Many traffic fatalities are due to improper use, or no use at all, of a vehicle’s mandatory safety features. In San Bernardino, like many Inland Empire cities, is home to almost 50% of the households have children. Many times, the victims of serious injuries and fatalities are children and young adults because the proper safety precautions are not followed.
In California, all passengers in a vehicle are required to wear a seatbelt if the vehicle is equipped with them. Often times, due to a false sense of security—such that one is less likely to get in a collision on a short trip to the market near one’s home—or to a desire for greater comfort—“the seatbelt is uncomfortable”, for example—people avoid the simple act of latching their seatbelts. There is also a falsely held belief for some that in a serious accident where the vehicle ignites, a seatbelt will keep you from being able to escape and thus cause further injury. The simple fact is that serious injuries resulting from car accidents are reduced, on average, by more than 50% when seatbelts are in use. (http://www.cdc.gov/motorvehiclesafety/seatbelts/facts.html) If you are in a car as passenger or driver, your seatbelt should be on.
Children less than 8 years of age and less than 57” tall must be in the rear seats if available. This, too, is often ignored for the sake of comfort or convenience. Statistics have shown that while airbags are often responsible for saving lives in adults, a young child can be killed or seriously injured by an airbag. Riding with a safety belt in the back seat significantly reduces the chance that a child involve din an auto accident will suffer serious injuries.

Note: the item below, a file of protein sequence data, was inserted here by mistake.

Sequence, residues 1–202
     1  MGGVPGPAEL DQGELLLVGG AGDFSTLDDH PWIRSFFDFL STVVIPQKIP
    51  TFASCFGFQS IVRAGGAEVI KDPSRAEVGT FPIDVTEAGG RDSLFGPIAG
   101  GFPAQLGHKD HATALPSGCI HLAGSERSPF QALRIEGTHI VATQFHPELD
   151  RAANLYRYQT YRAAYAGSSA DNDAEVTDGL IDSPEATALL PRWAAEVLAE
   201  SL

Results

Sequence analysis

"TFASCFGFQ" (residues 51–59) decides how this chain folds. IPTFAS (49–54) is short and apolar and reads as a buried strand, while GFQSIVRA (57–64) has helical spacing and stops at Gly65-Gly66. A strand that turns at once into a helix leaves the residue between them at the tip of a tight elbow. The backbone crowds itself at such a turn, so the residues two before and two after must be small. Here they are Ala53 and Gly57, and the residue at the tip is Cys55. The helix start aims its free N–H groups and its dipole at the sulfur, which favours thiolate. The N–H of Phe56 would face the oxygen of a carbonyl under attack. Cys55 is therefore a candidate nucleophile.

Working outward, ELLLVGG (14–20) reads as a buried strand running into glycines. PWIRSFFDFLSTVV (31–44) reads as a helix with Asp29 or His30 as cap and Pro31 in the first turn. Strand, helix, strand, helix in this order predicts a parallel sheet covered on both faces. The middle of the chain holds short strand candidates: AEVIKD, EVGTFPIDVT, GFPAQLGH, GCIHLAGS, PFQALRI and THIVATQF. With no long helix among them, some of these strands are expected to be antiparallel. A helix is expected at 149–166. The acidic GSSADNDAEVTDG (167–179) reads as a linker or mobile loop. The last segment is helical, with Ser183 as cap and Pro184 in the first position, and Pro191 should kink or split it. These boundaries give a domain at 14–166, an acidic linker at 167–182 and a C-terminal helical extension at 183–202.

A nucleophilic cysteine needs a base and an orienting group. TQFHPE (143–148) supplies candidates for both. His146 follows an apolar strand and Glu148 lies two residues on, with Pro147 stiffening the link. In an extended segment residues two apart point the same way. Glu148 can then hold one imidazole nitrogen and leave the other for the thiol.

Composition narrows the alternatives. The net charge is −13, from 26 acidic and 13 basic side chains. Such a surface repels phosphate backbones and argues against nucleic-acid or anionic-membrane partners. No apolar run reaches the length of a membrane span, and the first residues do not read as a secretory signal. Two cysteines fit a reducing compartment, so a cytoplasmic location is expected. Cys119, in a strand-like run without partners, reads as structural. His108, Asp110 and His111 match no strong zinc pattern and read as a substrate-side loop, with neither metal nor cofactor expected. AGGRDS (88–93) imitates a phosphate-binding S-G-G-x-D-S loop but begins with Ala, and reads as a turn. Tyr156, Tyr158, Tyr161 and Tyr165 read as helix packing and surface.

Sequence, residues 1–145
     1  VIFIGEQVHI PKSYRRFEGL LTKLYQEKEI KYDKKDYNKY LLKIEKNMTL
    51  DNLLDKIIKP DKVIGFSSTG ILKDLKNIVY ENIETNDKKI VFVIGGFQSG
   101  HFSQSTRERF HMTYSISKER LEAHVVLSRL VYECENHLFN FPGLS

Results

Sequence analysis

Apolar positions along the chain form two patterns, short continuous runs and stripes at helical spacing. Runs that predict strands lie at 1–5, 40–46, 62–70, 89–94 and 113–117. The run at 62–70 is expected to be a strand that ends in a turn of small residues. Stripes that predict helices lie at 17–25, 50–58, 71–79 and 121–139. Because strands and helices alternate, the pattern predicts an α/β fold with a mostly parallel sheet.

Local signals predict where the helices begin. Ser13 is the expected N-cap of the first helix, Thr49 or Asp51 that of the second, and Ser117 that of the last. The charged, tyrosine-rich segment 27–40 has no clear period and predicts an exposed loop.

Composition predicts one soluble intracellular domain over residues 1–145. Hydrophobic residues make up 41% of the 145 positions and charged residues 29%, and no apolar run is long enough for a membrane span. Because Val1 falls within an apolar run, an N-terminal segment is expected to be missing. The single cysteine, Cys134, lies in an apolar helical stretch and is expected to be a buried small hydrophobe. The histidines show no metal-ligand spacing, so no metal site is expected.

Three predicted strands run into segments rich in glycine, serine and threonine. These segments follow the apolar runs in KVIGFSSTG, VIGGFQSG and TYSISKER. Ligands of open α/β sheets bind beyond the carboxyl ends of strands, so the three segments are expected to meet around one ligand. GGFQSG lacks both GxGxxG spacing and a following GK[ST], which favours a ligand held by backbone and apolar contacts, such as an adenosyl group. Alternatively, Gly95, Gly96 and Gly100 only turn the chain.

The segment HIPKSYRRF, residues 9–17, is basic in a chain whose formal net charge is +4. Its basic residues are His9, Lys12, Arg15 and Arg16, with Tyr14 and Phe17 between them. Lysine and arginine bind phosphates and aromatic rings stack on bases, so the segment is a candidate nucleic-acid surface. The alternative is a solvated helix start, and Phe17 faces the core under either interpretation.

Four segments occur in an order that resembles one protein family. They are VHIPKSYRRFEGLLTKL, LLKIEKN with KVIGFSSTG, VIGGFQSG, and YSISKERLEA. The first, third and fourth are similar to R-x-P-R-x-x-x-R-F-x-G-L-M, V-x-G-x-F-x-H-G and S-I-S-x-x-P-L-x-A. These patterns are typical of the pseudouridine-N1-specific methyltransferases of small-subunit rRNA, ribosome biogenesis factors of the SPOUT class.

Infants must be restrained in a specific fashion as well. An infant in California must be secured in a rear-facing car seat in the rear of the vehicle (if no rear seat is available, the airbag in the front seat must be disabled). While many parents are tempted to hold their infant while they are passengers in a vehicle, statistics show that an infant’s risk of death or serious injury is reduced by more than 71% through the proper use of car seats. (http://www.cdc.gov/features/passengersafety/) For more information on traffic safety and how San Bernardino residents can protect their children and passengers against injury in the case of a car accident, numerous resources are available on the California Highway Patrol site, the Center for Disease Control website, and the San Bernardino County Traffic S.A.F.E. Program site (http://www.sbcounty.gov/dph/publichealth/programs_services/traffic_safe /traffic_safe_home.asp).